Today, tens of thousands of enterprises are using Internet of Things platforms to streamline operations, automate processes, reduce costs associated with regulatory compliance and to provide enhanced services to attract and retain new customers. There are hundreds of IoT platform providers today that specialize in niche industries or target a broad range of industries with an IoT framework platforms that many companies build on top of such as Amazon’s Web Services (AWS), Microsoft Azure, IBM BlueMix and IBM’s Watson IoT data analytics platform.
The Internet of Things (IoT) is transforming the way enterprises scale their operations. Stamp size sensing machines and massive cloud infrastructure accelerate an enterprise’s production capabilities. IoT provides operational efficiency by inserting sensors into the workplace to handle dangerous operations, repetitive tasks, maintenance, inventory control, asset management, on-demand ordering and workflow automation. Want information on how to construct your own IoT platform? Read this.
The three major reasons enterprises are investing in IoT include the following:
Increased Asset Visibility
Healthcare, retail and manufacturing are adopting cloud-based operational management platforms that reduce costs associated with tracking and locating mobile assets. An example of this is Awarepoint’s tracking of insulin pumps and other high value hospital equipment. Many asset management platforms feature smart location tags with integrated sensors for monitoring temperature, humidity and other environmental conditions of the asset.
Most workplaces have processes that require immediate action or the business loses productivity, or even worse. IoT devices are being used to automate, accelerate and monitor these processes with temperature, motion, flow and other advanced sensing devices.
One emerging area for simple enterprise IoT optimization is the smart button, a relatively new invention for automated and streamlined processes. The Button Corporation, headquartered in Helsinki, Finland provides an IoT platform for simple but effective solutions using smart buttons. These battery-powered wireless buttons can be placed anywhere there is a need for a trigger-based action such as ordering of supplies or calling for help.
Energy savings continues to be a major IoT adoption driver for enterprises especially for those with older or smaller buildings that lack a traditional building control system. Enterprises are demanding green IoT solutions such as energy monitoring, smart lighting, electric vehicle smart charging and room level climate controls.
In addition, an IoT smart lighting system provides an extendable infrastructure for supporting numerous other IoT applications such as asset tracking, air quality monitoring, condition monitoring, proximity based sensing and workflow enhancements.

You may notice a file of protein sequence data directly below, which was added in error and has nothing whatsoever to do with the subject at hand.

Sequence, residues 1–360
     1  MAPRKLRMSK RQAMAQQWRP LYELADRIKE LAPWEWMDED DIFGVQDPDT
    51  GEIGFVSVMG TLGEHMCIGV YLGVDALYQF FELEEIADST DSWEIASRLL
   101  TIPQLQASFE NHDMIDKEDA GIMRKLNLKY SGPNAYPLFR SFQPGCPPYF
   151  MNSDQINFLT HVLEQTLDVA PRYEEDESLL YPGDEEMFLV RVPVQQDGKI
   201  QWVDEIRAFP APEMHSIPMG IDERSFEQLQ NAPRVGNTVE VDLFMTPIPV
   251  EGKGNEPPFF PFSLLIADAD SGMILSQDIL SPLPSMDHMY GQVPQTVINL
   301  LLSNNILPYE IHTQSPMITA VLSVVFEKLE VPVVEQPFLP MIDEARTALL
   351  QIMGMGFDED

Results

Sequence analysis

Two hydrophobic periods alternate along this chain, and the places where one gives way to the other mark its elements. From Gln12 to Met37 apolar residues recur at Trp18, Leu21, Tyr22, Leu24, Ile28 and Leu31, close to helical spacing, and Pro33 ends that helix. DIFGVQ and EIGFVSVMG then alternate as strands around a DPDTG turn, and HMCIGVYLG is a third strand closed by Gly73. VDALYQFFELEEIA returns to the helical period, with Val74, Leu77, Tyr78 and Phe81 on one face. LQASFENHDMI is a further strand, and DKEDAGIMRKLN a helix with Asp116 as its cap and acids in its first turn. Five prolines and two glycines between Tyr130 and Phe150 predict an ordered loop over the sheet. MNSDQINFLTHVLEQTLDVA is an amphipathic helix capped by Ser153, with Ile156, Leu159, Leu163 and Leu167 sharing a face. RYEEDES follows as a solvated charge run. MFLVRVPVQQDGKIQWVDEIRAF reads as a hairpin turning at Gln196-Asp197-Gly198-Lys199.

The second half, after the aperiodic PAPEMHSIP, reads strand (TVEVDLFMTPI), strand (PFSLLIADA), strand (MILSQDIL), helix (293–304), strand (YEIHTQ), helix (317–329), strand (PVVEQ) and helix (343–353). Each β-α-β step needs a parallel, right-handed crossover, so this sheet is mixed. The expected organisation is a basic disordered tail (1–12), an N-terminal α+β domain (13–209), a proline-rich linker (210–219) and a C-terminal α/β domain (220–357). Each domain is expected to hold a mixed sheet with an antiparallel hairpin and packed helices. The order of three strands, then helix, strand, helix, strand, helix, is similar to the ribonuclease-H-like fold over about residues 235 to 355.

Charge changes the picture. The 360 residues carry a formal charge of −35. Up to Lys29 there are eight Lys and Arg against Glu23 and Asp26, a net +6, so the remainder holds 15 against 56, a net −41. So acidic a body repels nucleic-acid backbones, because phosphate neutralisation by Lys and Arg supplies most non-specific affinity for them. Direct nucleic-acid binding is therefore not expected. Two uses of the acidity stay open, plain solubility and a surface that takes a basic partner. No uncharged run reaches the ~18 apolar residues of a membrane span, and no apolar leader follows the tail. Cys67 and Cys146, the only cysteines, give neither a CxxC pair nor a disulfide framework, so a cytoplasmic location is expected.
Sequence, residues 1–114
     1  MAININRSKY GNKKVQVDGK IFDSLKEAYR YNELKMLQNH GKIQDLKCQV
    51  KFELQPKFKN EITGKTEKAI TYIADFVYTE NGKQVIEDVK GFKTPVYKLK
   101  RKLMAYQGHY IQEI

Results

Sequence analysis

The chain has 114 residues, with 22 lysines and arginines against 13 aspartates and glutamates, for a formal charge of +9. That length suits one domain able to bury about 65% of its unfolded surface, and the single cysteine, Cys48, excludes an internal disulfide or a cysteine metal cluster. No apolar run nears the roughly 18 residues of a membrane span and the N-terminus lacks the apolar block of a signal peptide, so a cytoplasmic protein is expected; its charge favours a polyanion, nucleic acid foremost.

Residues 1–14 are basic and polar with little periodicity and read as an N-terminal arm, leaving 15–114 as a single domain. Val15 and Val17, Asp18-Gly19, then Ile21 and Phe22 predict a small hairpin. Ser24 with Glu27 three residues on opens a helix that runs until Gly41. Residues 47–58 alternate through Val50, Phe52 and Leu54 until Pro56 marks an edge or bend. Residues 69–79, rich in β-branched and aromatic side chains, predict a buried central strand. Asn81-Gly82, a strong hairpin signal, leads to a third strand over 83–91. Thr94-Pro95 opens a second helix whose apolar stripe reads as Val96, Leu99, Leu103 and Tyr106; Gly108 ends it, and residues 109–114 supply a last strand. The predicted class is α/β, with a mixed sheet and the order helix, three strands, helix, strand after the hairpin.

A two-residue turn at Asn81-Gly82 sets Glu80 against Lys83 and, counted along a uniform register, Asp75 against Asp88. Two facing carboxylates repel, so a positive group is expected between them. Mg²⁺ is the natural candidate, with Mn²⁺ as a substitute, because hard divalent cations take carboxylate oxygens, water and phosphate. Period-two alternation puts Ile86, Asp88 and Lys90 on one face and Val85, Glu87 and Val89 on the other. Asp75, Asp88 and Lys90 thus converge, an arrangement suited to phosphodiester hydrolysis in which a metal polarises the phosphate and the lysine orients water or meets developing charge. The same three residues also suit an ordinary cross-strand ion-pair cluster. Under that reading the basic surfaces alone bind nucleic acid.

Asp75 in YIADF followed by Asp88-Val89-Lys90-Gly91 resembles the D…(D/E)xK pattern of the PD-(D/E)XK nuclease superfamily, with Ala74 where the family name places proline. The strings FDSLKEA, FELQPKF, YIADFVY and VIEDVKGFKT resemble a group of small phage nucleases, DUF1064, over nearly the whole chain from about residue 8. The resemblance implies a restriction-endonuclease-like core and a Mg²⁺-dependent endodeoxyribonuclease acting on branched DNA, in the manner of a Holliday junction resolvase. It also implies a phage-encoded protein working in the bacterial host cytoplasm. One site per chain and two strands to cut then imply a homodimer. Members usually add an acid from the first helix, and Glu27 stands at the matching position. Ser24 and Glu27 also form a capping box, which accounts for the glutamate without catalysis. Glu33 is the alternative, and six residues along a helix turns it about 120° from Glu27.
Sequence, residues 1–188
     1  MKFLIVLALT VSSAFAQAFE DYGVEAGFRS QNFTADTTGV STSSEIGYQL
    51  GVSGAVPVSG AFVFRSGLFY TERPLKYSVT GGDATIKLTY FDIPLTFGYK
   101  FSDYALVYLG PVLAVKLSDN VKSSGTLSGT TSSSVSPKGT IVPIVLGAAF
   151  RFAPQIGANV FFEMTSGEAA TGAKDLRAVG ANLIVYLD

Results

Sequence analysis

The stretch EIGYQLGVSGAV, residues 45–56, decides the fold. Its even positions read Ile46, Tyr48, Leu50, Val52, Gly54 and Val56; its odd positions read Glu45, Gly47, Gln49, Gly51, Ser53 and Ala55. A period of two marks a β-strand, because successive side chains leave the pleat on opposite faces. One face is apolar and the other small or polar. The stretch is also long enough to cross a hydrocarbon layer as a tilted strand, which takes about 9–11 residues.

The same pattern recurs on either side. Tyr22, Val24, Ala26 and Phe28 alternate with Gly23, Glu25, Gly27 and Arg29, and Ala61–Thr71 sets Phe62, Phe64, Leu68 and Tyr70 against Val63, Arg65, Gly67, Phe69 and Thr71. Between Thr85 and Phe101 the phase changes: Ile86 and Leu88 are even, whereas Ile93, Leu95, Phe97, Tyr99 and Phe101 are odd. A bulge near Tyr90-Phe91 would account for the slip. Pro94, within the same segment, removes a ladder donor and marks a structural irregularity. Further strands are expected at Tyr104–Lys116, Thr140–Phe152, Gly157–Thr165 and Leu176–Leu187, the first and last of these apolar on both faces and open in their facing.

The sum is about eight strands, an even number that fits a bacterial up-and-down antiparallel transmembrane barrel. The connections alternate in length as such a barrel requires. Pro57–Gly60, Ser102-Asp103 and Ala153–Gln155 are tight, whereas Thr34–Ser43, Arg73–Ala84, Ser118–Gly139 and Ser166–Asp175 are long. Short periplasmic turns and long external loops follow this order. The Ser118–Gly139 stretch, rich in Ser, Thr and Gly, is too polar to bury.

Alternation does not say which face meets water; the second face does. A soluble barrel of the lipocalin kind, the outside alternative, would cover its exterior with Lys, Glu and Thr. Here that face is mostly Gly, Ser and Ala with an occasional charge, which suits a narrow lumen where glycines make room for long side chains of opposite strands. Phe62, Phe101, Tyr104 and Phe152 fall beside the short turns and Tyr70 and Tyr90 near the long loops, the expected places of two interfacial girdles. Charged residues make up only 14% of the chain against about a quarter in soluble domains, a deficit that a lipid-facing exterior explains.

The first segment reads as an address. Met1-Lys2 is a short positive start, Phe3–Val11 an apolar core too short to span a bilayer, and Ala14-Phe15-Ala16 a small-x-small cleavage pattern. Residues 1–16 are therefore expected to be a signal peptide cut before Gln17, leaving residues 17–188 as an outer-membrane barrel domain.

Wireless Sensor Network Trends
Most IoT wireless networking technologies use short range (up to 30 meters) radios such as Bluetooth, Wi-Fi, zigbee and Thread. The real value of wireless sensors? When they can be placed in hard to reach places without power. However, these LAN based IoT networks are complex to set up which has been somewhat of an inhibitor in enterprise.
The biggest problem for these IoT devices is sending the data to the cloud which requires a LAN gateway or router every 100 meters or so. This is expensive, requires AC power and generally violates the value proposition of sensors being placed anywhere. This is where low power wide area networks (LPWANs) comes into play…
LPWAN devices can send data to the cloud miles away without a gateway and still have battery left over after ten years. There’s no need for local gateways/routers or network engineers to do a site survey, just place the device in the enterprise and go. Many of the largest global communications companies are developing LPWAN solutions and there has been tremendous investment and developer activity in the past few years.
There are several competing LPWAN technologies today including Sigfox, LoRa, LTE-M1 and NB-IoT. Other LPWAN service providers include Comcast with a trial network underway across 50 cities and SENET, a dedicated LoRa-based service provider, that had network coverage of 200 cities and half of the U.S. as of 2016.
A Diverse Ecosystem
Today, thousands of IoT service providers target vertical industries such as healthcare, hospitality, real estate management, retail, education, logistics and smart cities. Enterprises are increasingly developing their own IoT service platforms that often include in-house applications that integrate with third party systems.
Most IoT systems build on top of cloud-based infrastructure frameworks such as Amazon’s Web Services (AWS), Microsoft Azure and IBM BlueMix. In addition, a growing number of companies are providing IoT device management, integration and application development services with nearly all of major OEMs and enterprise software vendors currently offering IoT platforms.
Go Deep with IoT Data Analytics
Data analytics is one of the fastest growing IoT areas with almost daily breakthroughs in deep learning neural networks. Use cases include Tesla’s self driving cars and IBM’s Watson for cognitive computing cancer diagnostic system.
The availability of IoT data analytics through open source platforms such as TensorFlow (Google), CNTK (Microsoft) and Hadoop have accelerated enterprise IoT adoption.
We have just begun the enterprise IoT transformation. Deep learning, wireless sensor networks and Low Power Wide Area Networks are key technologies to start investigating.
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